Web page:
Lessons on Libertarianism #2-Self Ownership


Last week we introduced a new series of articles on Libertarianism. The goal of this series is to educate a mass audience on the platform of the Libertarian Party. Today we continue the series by taking a look at the first big component of the party platform, Personal Liberty.

The underlying principle of Libertarianism centers around self-ownership.  

“Individuals own their bodies and have rights over them that other individuals, groups, and governments may not violate. Individuals have the freedom and responsibility to decide what they knowingly and voluntarily consume, and what risks they accept to their own health, finances, safety, or life.” 

Personal Liberty starts with your own body. You and you alone own yourself. Nobody else has ownership over you. That concept extends to other individuals, to the government, and to corporations.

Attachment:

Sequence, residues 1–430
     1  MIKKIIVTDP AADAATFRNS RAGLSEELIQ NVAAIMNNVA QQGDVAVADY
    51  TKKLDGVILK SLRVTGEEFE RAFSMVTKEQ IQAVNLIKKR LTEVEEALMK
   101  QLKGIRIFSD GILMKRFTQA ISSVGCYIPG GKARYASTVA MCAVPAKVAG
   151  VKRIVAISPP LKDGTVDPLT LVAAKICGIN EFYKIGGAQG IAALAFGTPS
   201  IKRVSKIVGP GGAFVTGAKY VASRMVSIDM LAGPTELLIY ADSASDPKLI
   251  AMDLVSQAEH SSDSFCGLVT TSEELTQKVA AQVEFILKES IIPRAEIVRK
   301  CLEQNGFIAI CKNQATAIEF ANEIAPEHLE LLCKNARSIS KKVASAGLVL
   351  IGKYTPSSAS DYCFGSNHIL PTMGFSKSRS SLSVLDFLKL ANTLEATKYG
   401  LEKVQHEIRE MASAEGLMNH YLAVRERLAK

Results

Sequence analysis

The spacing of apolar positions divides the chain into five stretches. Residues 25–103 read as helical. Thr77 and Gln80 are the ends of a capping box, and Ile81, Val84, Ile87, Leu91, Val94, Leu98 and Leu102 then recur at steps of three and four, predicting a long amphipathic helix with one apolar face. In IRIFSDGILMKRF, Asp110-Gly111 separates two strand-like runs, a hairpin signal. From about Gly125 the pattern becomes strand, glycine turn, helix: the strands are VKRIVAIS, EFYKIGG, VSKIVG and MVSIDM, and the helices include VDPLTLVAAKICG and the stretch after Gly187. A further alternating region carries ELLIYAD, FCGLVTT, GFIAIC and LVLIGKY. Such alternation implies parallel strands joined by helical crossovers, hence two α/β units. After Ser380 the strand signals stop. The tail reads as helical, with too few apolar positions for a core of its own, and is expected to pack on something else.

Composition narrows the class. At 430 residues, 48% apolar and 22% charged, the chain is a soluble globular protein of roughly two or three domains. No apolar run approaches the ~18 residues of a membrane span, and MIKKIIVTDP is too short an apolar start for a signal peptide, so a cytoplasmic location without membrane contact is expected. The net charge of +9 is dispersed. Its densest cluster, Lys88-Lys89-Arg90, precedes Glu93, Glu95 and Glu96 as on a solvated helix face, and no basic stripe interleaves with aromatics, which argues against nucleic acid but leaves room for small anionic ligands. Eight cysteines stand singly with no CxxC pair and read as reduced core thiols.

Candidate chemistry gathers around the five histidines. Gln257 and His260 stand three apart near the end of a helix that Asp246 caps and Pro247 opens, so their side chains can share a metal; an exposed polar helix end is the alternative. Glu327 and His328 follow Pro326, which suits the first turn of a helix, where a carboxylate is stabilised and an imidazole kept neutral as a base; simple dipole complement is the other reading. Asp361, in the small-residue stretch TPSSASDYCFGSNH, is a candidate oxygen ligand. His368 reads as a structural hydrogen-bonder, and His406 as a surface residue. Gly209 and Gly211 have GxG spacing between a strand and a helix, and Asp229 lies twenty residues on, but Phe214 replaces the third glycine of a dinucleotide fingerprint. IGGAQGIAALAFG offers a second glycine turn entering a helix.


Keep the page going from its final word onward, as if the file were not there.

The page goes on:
What you chose to do to your own body, as long as it doesn’t impact someone else, is completely up to you. There are many places that this concept can be extended. 

The biggest comparison lies around drugs. The government has felt it necessary to make the consumption and sale of certain drugs illegal because according to them they think it will harm people. Under the principle of self-ownership they have no right to tell you what you should be putting into your own body. If you want to use drugs then you have every right to make that decision for yourself and not the government.  

The seat belt law is another example. The government has decided to play your mommy and say you need to wear a seatbelt when you are in a motor vehicle. They will fine you for not wearing that belt, but under the principle of self-ownership that is a decision for you to make. If you don’t want to wear a seatbelt that is up to you. You make that decision on your own and either are rewarded or suffer the consequences.  

The principle of self-ownership is a bedrock to the Libertarian philosophy and should be used to guide any and all actions taken by our government.  

Check back next week for the next article in our series on Lessons on Libertarianism.  

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